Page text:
That’s right, instead of just showing you those “green bars” – which only gave you an idea of relative search volume – you now get to see search numbers based on Google’s database.
Whatever your reason to search keywords – AdWords PPC, SEO, article marketing, blog marketing – getting real Google search counts for those keywords is a very welcome development.
In fact, the only people who probably don’t think this is great news are the people who have developed fee-based keyword search tools. Because now, at long last, we can get up-to-the-minute search volume information from Google itself, and for free.
Most of the comments I’ve seen say “it’s about time!” Many of us often wondered about the purpose of Google’s keyword tool, since it didn’t actually show real numbers. Yes, it was useful for knowing whether a given search term would get a little or a lot of traffic, especially when compared to related search terms.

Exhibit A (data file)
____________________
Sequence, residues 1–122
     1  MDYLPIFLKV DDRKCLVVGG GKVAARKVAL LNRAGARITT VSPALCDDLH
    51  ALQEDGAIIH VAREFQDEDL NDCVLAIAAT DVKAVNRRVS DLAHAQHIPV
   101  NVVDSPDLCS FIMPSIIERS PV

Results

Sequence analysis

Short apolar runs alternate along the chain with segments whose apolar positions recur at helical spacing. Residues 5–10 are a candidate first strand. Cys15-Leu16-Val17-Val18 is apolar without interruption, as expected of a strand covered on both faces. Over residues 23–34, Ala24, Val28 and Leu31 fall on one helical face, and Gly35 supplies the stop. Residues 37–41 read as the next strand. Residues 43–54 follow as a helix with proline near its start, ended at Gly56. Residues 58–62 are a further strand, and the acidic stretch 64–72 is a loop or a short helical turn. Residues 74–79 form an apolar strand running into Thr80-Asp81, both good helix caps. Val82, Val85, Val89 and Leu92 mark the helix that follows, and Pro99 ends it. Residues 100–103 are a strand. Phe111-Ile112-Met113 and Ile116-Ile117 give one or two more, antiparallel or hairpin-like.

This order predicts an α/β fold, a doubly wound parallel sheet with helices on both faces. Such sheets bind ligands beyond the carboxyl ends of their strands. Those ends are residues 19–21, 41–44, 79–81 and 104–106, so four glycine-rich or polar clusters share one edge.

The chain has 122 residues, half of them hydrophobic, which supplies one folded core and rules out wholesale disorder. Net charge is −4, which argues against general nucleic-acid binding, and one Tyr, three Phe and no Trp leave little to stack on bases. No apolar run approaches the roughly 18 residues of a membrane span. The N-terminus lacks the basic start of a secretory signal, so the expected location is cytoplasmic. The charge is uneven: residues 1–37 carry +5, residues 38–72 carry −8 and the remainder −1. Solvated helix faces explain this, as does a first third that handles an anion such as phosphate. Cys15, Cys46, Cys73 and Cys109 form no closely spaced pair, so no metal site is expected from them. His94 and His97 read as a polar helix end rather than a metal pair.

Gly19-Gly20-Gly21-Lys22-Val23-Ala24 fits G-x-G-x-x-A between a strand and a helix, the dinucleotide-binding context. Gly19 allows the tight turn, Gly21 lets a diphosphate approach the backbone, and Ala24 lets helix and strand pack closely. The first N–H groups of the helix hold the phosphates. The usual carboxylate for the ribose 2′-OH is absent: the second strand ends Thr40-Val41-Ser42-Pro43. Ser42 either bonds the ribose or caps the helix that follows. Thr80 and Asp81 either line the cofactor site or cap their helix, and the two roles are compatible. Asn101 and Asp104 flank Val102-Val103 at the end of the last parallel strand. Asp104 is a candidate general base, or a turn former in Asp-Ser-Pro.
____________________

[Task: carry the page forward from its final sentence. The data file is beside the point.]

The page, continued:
But now that Google is showing search counts, their Keyword Tool has jumped way ahead of any other free tool – and may even mean you can do without a paid tool, if all you do is very basic keyword research.
And now you don’t have to guess about the amount of Google traffic in a market or niche. You’ll be able to base your marketing decisions on approximate numbers.
According to this Google Blog post, “Now, when you use the Keyword Tool to search for relevant keywords to include in your keyword list, you’ll be able to see the approximate number of search queries matching your keywords that were performed on Google and the search network.”